Heriberto Berrocal, a Chilean in his late 20s, left the sheep, the dogs and his job early one morning in 2000. He took fellow herder Rafael Castillo with him. The pair went to Yakima, where they met the people at Columbia Legal Services, which provides free legal help to the poor. They told the lawyers they were working too hard and earning too little. Two years later, the agency filed suit.

If Fernandez’s current herder, a quiet and serious Chilean named Rolando Barrientos, knows about the dispute he doesn’t let on. He’s busy teaching his 19-year-old nephew, David Barrientos, the art of sheep tending: birthing, feeding, shearing, and, if a lamb breaks a tiny leg, splinting.

The herders are in the middle of lambing season. Even with a third man working the night shift, this is the most labor-intensive part of the year. Lambs pop out every few hours, and the corrals are under constant vigilance.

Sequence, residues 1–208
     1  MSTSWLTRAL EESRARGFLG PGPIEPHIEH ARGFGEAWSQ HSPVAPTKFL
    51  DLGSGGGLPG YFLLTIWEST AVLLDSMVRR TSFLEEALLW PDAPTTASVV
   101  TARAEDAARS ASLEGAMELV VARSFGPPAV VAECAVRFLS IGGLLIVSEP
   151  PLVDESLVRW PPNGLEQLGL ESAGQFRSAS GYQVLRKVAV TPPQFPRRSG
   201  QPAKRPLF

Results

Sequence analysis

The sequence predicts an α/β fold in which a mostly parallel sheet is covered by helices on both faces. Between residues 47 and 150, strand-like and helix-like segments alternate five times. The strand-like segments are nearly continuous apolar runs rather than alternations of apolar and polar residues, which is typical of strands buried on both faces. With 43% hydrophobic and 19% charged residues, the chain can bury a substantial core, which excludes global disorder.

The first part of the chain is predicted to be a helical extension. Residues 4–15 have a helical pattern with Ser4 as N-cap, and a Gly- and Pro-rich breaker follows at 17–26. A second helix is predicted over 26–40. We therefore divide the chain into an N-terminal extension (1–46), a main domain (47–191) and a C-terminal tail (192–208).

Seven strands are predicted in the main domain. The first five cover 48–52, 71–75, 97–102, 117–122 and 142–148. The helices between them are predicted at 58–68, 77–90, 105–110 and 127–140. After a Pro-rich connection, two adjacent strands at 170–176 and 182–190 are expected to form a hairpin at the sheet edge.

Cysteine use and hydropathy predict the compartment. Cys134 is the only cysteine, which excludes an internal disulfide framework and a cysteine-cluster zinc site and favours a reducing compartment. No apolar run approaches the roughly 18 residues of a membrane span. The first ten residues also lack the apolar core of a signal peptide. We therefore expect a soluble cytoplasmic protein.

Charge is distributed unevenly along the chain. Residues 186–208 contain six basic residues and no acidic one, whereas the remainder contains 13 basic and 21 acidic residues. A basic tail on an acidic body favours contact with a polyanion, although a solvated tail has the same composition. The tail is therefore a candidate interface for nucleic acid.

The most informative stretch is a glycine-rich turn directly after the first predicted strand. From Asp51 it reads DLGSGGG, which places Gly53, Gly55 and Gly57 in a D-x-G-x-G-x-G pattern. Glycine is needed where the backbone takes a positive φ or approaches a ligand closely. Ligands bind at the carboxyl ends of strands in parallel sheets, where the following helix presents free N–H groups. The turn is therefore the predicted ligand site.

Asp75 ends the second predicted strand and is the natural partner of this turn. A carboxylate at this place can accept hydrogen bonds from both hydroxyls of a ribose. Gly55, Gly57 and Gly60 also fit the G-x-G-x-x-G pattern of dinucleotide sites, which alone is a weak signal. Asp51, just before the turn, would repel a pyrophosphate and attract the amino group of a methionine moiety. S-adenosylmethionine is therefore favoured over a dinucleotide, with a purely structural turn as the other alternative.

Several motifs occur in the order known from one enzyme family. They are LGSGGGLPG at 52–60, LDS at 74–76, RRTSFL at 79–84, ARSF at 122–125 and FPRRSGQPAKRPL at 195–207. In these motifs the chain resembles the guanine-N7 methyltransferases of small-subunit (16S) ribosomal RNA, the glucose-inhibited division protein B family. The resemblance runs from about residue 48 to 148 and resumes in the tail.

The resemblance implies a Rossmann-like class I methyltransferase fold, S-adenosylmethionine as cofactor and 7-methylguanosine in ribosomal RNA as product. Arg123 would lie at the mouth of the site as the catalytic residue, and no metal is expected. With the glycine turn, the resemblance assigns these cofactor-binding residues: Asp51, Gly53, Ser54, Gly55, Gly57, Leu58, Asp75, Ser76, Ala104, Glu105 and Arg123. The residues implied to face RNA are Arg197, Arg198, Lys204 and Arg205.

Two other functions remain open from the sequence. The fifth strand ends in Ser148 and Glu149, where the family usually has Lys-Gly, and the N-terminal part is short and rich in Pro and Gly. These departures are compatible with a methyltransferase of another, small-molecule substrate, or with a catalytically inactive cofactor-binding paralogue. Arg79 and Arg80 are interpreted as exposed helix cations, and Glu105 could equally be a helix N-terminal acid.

By next year, most of these animals will be gone, their meat sold for consumption, their wool for things like Pendleton blankets.

For now, though, the Barrientos are teaching the lambs how to walk in an orderly herd.

Riding on horseback, they move the sheep between mixing pens. Each short move brings pandemonium, a clatter of hooves and high-pitched bleats from lambs frantically searching for their mothers.

Some never do reunite with the ewes, earning them the name “bummer lambs.”

“The poor things, they live a bad life,” Fernandez says. “They are like a gang. Nobody want ’em, all the ewes chase ’em. They spend their lives stealing. Oh, it’s a sad life being a bummer.”

Earning more here

At $650 a month, 33-year-old Rolando is earning three times what he would in his hometown of Coyhaique in Chile’s Patagonia region. It’s enough to support his wife and son, who remain back home, and to save for a small business he plans to open when he returns for good.